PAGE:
NEW YORK (TheStreet) -- The Federal Reserve will maintain its $85 billion in monthly asset purchases, the central bank said in its policy-making statement on Wednesday.
The decision to continue purchasing $40 billion in mortgage-backed securities and $45 billion in longer-term Treasuries failed to surprise investors, as economists and analysts had anticipated no change from the central bank following a weak September jobs report and the government shutdown.
A survey by Bloomberg data showed that economists weren't expecting the Fed to begin so-called tapering, when the bank would reduce the amount of asset-backed purchases it makes each month.
The Federal Reserve, as anticipated, continued to keep the short-term federal funds rate at a range of zero to 0.25%, which has remained unchanged since late 2008.
Below is the full text of the statement:
Information received since the Federal Open Market Committee met in September generally suggests that economic activity has continued to expand at a moderate pace. Indicators of labor market conditions have shown some further improvement, but the unemployment rate remains elevated. Available data suggest that household spending and business fixed investment advanced, while the recovery in the housing sector slowed somewhat in recent months. Fiscal policy is restraining economic growth. Apart from fluctuations due to changes in energy prices, inflation has been running below the Committee's longer-run objective, but longer-term inflation expectations have remained stable.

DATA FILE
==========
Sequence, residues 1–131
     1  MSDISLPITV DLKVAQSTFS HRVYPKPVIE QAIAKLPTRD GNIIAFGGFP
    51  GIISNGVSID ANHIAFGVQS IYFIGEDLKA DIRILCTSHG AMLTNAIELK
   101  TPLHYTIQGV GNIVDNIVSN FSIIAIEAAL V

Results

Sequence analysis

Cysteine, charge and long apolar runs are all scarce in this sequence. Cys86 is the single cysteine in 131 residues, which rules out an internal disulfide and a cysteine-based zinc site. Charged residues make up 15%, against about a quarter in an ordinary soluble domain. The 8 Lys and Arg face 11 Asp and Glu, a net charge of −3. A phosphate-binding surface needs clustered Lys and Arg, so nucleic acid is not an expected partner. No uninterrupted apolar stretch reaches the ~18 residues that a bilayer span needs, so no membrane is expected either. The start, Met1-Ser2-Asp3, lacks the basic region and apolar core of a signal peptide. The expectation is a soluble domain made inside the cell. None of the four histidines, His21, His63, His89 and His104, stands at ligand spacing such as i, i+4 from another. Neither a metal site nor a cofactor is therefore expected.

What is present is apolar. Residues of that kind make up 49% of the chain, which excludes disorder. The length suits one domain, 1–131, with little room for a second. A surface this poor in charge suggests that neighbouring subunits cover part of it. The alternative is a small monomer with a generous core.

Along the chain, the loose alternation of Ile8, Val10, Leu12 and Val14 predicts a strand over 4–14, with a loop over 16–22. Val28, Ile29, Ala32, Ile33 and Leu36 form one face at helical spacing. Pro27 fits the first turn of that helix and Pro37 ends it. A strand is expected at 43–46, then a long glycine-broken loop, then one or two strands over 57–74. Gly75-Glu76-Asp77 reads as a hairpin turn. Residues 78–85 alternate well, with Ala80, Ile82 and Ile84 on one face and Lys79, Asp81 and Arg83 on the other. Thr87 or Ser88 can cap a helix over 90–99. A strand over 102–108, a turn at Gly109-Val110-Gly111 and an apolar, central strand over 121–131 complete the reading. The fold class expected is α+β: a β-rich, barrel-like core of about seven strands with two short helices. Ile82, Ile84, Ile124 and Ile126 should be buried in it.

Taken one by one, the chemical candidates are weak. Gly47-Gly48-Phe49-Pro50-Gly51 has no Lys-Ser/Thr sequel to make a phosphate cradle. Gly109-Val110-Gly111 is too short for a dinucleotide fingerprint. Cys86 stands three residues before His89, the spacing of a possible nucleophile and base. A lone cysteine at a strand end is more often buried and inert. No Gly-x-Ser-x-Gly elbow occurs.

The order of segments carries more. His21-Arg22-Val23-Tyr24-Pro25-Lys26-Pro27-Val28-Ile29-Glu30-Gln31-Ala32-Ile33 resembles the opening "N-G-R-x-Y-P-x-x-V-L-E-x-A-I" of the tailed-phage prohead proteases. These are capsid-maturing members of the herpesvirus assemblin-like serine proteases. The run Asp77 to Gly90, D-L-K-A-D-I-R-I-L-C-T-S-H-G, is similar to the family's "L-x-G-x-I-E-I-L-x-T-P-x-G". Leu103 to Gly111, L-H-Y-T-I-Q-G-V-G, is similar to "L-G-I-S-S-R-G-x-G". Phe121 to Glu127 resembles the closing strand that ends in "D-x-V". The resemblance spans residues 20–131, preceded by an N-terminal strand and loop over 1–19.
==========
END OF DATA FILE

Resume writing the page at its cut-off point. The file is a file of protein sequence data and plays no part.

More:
Consistent with its statutory mandate, the Committee seeks to foster maximum employment and price stability. The Committee expects that, with appropriate policy accommodation, economic growth will pick up from its recent pace and the unemployment rate will gradually decline toward levels the Committee judges consistent with its dual mandate. The Committee sees the downside risks to the outlook for the economy and the labor market as having diminished, on net, since last fall. The Committee recognizes that inflation persistently below its 2 percent objective could pose risks to economic performance, but it anticipates that inflation will move back toward its objective over the medium term.